LIVING WITH STEVENS JOHNSON SYNDROME

My name is Marian Adejokun. I was diagnosed with a deadly rare illness known as Stevens Johnson syndrome (SJS) and Toxic Epidermal Necrolysis (TENS) back in January 2011.

Developing symptoms

I remember as if it was yesterday … I was at college and told my teacher my eyes were itching me. From there I went home and informed my mum and she told me to call the doctor’s office, and I was told by the doctor to buy over the counter eye drops (Optrex). My mum administered the eye drops into my eyes and within 30 minutes blisters started coming up under my feet and my whole body (pouring water on myself was excruciatingly painful). I normally have a high threshold for pain, but this was a different kind of pain; as if I was burning from inside out. The last thing that did it for me was when my airways started closing up and I was finding it hard to breathe – that’s when I told my mum to call an ambulance. At this point in time, I was unable to stand on my feet as the blisters had taken over the whole palms of my feet.


My initial thought was oh this is just another ordeal and I will overcome it, as I was born four months early and weighed one pound, faced various medical surgeries and ordeals and have come through them all.

Stevens Johnson syndrome


Never, in a million years did I think my whole skin would peel off and I’d end up in an induced coma due to this severe allergy reaction known as SJS. I was in hospital from January to March. Initially, at the first hospital I went to (Croydon University hospital) they said I had swine flu and put me in isolation. I was throwing up thick blood and had blood gushing out of my eyes due to the allergy I didn’t know I had at the time. Later, I was moved to The Royal London Hospital thanks to one doctor who was aware of what was happening to me. I was informed by my mum that I was put in an induced coma due to the severe nature of the condition. My mum (Aderemi Adejokun) is a single mother of four girls and when I was in coma my younger sisters were not able to see me. However, we had Pastors and friends who were constantly praying and telling my mum that everything will be alright.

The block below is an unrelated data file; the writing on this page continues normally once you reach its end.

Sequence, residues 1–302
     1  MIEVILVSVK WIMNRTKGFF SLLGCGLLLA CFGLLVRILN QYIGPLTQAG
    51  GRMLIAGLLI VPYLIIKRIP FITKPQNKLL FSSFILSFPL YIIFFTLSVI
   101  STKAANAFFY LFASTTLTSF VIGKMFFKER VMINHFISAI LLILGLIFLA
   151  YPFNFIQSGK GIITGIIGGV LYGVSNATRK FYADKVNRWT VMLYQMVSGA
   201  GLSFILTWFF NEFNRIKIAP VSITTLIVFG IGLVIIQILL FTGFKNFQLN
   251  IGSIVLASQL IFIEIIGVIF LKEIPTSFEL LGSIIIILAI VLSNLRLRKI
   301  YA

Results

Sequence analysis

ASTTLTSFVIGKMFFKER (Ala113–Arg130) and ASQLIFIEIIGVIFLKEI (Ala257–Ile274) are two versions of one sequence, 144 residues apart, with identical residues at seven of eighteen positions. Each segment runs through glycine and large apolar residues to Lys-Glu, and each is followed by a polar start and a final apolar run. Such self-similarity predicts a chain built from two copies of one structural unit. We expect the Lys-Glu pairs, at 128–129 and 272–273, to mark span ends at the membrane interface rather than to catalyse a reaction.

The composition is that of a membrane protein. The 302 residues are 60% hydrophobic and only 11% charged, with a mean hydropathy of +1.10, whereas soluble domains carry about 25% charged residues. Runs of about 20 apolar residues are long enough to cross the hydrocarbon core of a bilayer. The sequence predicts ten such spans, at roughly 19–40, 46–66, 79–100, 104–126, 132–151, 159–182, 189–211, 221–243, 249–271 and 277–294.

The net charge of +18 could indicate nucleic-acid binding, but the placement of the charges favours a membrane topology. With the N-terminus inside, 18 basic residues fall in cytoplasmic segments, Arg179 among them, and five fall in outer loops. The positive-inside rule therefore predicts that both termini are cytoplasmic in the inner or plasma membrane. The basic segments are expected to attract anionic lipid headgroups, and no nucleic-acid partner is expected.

Woman in a hospital bed with a tube connected to her nose.

My recovery

Recovering from SJS has been an ongoing process as I’ve been under a dermatology specialist at The Royal London Hospital and also an ophthalmologist. Having to use eye drops for the rest of my life to keep my eyes lubricated is crucial. I am so blessed that when I came out of the ordeal I did not need to have skin grafts done or eye surgeries. I’d had a tracheotomy and it had closed up beautifully by itself. My skin has healed pretty well but from time to time I do get blurry vision.

I remember not wanting to go out in public as I feared how people would perceive me.

After a few months went by I felt more and more comfortable in my own skin and started talking about my story to inspire others and turning a negative situation into a positive one. On the bright side, I have new skin, finger nails, toe nails and hair like a baby! Now I share my story to inspire others and give them hope through their challenges.

I have started a campaign titled: ‘My Scars Tell A Story Photography Campaign’.

Follow Marian on Instagram: @myscars2020 @mariana1991.

Remember to vote for your favourite...